Having the opportunity to teach in a school alongside a more experienced teacher is a crucial part of the learning and development of a student teacher. This research focuses on the one-year Professional Graduate Diploma in Education Programme (primary), during which student teachers spend 50% of their time in placement in two schools. School placements can be a rollercoaster for many student teachers, generating a range of emotions, from happy and comfortable to deflated and fearful. Yet, although teaching has been described as an emotional practice (Hargreaves, 1998), little is known about the emotional experiences of student teachers during their school placement. This study set out to identify and address this gap. The research is grounded in a sociocultural perspective which sees the emotions as highly situated. As such the research focus aimed to explore the dynamic interplay between individuals and their contexts in order to understand more about the ways student teachers understood their emotions, regulated their emotions and engaged in emotional labour. Hargreaves’s emotional geographies provided the theoretical framework for the study. Data was built around individual weekly audio recordings, responses to semi-structured interviews and guided focus groups. While data analysis is still on going, some tentative emerging themes will be discussed towards the end of the paper.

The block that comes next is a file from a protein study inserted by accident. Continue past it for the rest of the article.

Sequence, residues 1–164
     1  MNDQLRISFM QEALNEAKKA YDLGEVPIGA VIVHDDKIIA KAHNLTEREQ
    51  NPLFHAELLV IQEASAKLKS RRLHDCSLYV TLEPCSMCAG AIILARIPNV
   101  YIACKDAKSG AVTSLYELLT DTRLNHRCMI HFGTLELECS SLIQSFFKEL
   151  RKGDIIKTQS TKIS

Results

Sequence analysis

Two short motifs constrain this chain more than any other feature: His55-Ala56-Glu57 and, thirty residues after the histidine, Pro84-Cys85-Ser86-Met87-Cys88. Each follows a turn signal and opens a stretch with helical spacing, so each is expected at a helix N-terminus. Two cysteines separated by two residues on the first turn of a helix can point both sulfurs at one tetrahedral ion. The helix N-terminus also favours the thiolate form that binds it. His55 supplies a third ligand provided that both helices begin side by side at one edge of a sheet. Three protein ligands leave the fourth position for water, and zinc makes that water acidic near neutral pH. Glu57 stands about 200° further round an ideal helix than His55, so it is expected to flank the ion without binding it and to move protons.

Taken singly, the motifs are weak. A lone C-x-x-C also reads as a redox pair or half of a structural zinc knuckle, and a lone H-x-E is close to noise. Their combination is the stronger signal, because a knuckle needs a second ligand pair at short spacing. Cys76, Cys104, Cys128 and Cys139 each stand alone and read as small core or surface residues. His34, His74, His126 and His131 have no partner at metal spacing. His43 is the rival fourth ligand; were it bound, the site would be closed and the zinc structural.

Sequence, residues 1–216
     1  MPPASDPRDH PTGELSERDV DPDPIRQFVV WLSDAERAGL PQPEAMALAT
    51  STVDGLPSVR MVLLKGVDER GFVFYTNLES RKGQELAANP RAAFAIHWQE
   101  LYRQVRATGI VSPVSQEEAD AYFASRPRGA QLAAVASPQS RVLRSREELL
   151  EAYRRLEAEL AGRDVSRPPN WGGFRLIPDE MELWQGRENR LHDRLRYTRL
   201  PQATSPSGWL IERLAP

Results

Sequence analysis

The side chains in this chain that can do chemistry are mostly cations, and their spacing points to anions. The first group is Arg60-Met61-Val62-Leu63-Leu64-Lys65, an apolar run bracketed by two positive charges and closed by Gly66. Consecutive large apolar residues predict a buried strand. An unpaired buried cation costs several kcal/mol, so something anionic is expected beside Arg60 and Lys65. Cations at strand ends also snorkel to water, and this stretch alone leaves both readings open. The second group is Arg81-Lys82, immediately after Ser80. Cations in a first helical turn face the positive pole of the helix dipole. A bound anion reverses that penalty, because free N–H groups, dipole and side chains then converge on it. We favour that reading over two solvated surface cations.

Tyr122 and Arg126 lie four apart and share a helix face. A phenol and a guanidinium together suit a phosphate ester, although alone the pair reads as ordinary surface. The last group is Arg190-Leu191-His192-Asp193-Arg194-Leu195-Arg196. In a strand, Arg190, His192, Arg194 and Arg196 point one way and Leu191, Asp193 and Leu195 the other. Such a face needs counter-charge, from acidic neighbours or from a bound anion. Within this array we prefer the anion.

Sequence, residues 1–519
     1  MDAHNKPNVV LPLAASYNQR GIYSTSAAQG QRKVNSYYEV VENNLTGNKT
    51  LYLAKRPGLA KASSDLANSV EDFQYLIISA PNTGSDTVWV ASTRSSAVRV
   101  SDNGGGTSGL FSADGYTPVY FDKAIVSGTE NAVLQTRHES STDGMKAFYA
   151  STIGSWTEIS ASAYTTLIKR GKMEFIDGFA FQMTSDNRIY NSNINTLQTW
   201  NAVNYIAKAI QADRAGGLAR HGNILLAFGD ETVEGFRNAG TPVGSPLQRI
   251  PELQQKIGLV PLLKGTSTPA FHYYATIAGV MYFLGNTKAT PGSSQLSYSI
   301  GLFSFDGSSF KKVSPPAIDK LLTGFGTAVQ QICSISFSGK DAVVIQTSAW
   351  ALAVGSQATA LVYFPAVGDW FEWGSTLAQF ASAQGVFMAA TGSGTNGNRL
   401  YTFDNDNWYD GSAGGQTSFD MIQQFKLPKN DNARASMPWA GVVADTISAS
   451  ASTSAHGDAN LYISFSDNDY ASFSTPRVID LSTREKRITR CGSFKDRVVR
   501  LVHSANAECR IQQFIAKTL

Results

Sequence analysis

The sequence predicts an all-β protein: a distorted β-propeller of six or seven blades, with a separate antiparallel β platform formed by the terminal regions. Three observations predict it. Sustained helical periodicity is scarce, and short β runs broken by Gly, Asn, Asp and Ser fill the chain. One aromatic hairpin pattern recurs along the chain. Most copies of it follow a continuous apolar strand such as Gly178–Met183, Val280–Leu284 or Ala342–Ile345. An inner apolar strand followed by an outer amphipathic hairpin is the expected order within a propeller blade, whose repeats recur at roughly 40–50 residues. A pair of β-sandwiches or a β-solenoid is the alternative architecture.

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emotions, emotional labour, emotional geographies, student teachers, initial teacher education
Published in Volume 29(1) For students by students,